Google Wallet’s latest update has made the service a lot more appealing to a lot more people: it now takes all major credit and debit cards that have the American Express, Discover, MasterCard, and Visa logos. This is made possible due to a little workaround that Google devised, which involves a virtual MasterCard that is used for all purchases, which in turn bills whatever personal credit card you choose. That’s pretty clever, if you ask me, but apparently, not all card issuers are happy about this, in particular American Express.

In an official statement to TechCrunch, American Express stated:

We want to make sure Google’s mobile wallet product meets the standards we set for our Cardmembers in terms of transparency and clarity about transaction detail … Right now, American Express does not have an agreement with Google for our cards to be used in the Google mobile wallet.

American Express went on to say it had been in talks with Google about integrating its credit cards into the Google Wallet service, but apparently Google jumped the gun a bit. (Google has a habit of acting now, and dealing with the consequences later.) Additionally, American Express said it could pull the plug on this service at any time, in effect blocking Google Wallet for its customers.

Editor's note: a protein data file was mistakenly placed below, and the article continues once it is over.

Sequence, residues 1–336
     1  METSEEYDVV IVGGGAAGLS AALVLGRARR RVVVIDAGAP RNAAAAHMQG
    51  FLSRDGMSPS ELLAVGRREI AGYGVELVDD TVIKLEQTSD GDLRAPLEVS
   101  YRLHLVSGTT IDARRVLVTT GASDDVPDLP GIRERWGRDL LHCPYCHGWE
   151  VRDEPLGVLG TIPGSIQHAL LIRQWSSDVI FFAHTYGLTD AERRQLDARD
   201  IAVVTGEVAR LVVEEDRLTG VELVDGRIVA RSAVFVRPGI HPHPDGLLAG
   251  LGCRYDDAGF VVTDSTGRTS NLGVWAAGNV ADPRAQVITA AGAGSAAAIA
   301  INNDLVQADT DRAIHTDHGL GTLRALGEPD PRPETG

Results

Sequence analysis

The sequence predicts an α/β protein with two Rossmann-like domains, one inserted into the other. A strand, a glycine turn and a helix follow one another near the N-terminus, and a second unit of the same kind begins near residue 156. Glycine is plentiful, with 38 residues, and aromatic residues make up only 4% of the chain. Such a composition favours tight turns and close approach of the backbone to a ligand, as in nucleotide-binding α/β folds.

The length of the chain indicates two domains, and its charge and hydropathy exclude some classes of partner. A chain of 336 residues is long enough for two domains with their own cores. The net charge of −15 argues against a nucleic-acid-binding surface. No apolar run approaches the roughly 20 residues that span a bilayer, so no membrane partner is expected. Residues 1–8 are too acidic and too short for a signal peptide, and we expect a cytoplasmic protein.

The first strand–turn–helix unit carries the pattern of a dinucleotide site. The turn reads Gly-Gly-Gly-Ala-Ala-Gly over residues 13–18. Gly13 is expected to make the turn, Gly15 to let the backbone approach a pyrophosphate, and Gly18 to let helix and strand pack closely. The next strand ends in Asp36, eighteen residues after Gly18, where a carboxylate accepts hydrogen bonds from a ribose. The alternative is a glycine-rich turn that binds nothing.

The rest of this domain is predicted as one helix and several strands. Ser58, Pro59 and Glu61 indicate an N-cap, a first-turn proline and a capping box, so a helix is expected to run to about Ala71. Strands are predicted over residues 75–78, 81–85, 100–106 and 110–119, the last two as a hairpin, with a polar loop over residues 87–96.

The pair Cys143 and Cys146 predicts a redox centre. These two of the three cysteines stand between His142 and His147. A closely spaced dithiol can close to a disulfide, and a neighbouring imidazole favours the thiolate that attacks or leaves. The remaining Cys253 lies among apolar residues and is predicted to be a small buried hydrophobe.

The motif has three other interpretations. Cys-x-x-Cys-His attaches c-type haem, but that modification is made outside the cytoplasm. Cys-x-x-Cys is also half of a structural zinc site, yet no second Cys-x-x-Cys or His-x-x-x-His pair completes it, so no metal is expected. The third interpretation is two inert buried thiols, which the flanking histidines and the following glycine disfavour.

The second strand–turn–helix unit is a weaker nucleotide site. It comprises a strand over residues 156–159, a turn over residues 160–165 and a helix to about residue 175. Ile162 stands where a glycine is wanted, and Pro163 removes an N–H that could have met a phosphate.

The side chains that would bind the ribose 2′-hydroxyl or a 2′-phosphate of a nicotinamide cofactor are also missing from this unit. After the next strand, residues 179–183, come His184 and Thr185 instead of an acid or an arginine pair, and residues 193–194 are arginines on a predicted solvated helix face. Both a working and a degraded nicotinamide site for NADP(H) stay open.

So what’s Google’s response?

For many years, we’ve accepted American Express, Visa, MasterCard and Discover for online and mobile transactions. The latest version of Google Wallet extends these same benefits to people who choose to use the Google Wallet app to make purchases in-store. We are in active discussions with American Express and look forward to working together as partners as the world embraces digital payments.

In essence, Google is right: its Wallet service (formerly known as Google Checkout) has been compatible with American Express for ages. All Google did is expand the reach of its payment services from online to in-person. And I’m fairly certain it would be a legal grey area for American Express to pull support for Google, especially if the two companies have already negotiated contracts, merchant fees, etc. And in any case, I’m sure there would be an uproar from customers if American Express were to do this.

So, long story short, I think American Express is simply throwing a temper tantrum – probably because it hasn’t figured out a way to make more profits from this current setup – but I doubt that it will act on its threats. The backlash would simply be too much.

What do you think?

[TechCrunch]